Yesterday American leaders, including the president, spoke out to condemn a Florida group's plans to burn the Quran. They stressed, and counter-terrorism experts including the FBI agree, that this fringe group's actions present serious national security concerns. Referring to riots and protests in his area of command, General David Petraeus said this past weekend, it "could endanger troops and it could endanger the overall effort in Afghanistan." The FBI predicts real or threatened reprisals "with high confidence." The best thing for America is that unrepresentative fringe radicals not receive the attention they so desperately seek at the expense of the country's well-being - and that this overheated, political discourse be rejected by all sides going forward.
Yesterday's Senate Armed Services Committee hearing to confirm General David Petraeus as the new commander for Afghanistan saw a stark contrast between conservatives and progressives on how best to deal with America's war effort. Conservatives sought over and over to make the hearing a referendum on the July 2011 commencement of a conditions based transition out of Afghanistan. Despite the General's explicit support for the date, conservatives tried to depict daylight between Petraeus and the Administration, even after it was clear that there was none. In contrast, Senate progressives used their oversight rule effectively, pressing the general on the recent challenges encountered by the U.S. and its international partners in Afghanistan, including lagging efforts at standing up the Afghan security forces, as well as ongoing difficulties in creating an effective and accountable Afghan government.
Tomorrow, the Senate Armed Services Committee is holding a closed door hearing on progress toward the closure of the detention center at Guantanamo Bay, with Special Envoy for Guantanamo Bay Ambassador Daniel Fried and senior officials from the Departments of Defense, Justice, and the intelligence community. Closing the prison, which has become a recruiting tool for terrorists worldwide, is part of the Administration's broader counterterrorism strategy.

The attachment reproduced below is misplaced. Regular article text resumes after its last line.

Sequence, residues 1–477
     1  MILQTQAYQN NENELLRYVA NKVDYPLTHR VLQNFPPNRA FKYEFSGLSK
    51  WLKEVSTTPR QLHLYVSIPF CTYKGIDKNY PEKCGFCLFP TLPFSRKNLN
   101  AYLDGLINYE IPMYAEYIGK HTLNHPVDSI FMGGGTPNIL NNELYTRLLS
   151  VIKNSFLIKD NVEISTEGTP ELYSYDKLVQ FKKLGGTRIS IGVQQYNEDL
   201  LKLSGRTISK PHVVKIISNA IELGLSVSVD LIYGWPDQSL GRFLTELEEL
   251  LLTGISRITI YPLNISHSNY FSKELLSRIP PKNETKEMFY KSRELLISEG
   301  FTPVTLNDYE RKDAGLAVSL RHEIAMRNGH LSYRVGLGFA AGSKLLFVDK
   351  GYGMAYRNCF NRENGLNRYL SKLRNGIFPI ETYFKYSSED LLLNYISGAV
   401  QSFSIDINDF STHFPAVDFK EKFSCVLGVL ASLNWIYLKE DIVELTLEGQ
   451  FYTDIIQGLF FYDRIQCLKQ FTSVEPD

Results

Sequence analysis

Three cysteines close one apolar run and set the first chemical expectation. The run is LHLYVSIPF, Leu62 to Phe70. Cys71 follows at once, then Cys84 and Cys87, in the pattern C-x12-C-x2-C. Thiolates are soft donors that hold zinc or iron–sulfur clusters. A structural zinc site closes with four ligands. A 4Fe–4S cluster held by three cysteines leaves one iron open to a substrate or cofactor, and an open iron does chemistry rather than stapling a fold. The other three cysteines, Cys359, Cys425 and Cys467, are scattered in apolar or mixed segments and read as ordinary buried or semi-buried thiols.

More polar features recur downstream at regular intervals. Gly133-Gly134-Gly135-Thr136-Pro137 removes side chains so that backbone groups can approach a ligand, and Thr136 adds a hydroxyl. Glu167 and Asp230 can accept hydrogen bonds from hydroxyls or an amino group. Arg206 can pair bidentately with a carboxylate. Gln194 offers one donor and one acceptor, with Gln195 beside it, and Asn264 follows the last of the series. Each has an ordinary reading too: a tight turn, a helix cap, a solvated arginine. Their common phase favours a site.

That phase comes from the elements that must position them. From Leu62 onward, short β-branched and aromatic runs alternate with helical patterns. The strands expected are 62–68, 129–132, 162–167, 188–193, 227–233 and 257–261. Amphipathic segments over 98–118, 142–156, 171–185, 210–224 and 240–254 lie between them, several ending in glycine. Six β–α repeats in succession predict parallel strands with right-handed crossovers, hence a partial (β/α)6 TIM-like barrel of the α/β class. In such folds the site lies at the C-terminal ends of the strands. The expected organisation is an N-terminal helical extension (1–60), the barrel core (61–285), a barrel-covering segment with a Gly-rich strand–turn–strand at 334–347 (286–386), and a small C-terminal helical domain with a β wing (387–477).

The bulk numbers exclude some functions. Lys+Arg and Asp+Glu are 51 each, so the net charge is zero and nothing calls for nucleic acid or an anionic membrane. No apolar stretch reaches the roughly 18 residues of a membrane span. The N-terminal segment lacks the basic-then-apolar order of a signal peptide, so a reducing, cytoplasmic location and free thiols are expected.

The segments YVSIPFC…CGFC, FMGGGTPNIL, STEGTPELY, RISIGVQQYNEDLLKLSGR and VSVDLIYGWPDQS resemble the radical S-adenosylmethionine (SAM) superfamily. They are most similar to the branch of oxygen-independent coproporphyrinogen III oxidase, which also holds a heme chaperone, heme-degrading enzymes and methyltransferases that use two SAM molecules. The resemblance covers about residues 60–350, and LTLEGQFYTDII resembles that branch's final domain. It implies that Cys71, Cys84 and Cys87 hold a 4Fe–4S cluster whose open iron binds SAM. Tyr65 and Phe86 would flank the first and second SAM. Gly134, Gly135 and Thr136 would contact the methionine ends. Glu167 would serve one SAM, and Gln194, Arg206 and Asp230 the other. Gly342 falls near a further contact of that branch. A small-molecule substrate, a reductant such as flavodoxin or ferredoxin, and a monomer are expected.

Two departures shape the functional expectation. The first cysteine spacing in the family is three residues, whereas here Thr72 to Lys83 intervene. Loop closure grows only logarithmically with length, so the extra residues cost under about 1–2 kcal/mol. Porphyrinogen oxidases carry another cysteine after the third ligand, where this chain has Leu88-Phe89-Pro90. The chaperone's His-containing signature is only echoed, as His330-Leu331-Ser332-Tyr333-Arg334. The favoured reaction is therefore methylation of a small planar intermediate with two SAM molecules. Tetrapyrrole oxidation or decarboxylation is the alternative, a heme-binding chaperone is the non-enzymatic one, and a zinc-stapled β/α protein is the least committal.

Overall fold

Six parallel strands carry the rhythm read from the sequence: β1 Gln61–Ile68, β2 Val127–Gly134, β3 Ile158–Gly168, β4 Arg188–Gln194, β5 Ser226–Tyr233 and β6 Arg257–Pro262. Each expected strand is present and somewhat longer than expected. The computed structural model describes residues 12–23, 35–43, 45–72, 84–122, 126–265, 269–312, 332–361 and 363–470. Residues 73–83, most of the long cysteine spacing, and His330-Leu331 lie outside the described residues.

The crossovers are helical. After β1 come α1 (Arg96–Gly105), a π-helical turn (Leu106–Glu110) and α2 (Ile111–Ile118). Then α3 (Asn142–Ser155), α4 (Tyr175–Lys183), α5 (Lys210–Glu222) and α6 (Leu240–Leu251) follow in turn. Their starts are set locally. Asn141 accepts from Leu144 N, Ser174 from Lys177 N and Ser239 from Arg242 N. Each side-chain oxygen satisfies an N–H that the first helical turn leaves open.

This past weekend, two of America’s foremost experts on defense and security issues came out in full support of the President’s plans to close the Guantanamo Bay detention center. General Petraeus, CENTCOM commander, said that the detention center hurts our ability to maintain the moral high ground, harms our counterinsurgency efforts and serves as a major terrorist recruiting tool. Secretary of Defense Robert Gates, a career intelligence and defense official who has dealt with imprisoning terrorists for 20 years, said this past Monday that the U.S. has imprisoned terrorist suspects many times and conservative opposition amounted to “fear mongering.” The statements from Petraeus and Gates reflect a growing consensus among former senior officials, military officers, and national experts that Guantanamo must be closed. Yet conservatives continue political attacks that argue that closing Guantanamo will bring terrorists into our backyard and that its symbolic damage to America’s image is irrelevant.
The situation in the Afghanistan-Pakistan region continues to deteriorate, with news in the last week of more attacks on American and NATO supply routes from Pakistan and the Kyrgyz government’s decision to close a key American air base. It is critical that we have a clear strategy for Afghanistan that includes measureable and realistic objectives, and President Obama’s decision to delay the announcement of additional troops into Afghanistan until we have a focused strategy is the right approach.
One of the major fault lines in this election has been over the willingness to talk to our adversaries. Sen. Obama has stated he is prepared to diplomatically engage rogue regimes, while Sen. McCain has insisted on setting “pre-conditions” before any talks are able to occur. Peace is made through negotiations.
Throughout this campaign Senator McCain has failed to lay out concrete plans on some of the most important national security issues before the U.S. McCain has either adopted an incoherent approach, such as with Iran, where he will attack his opponent’s position in one sentence and then agree with it in the next, or replaced policy proposals with empty platitudes about “not surrendering” and achieving “victory” in reference to Iraq and Afghanistan.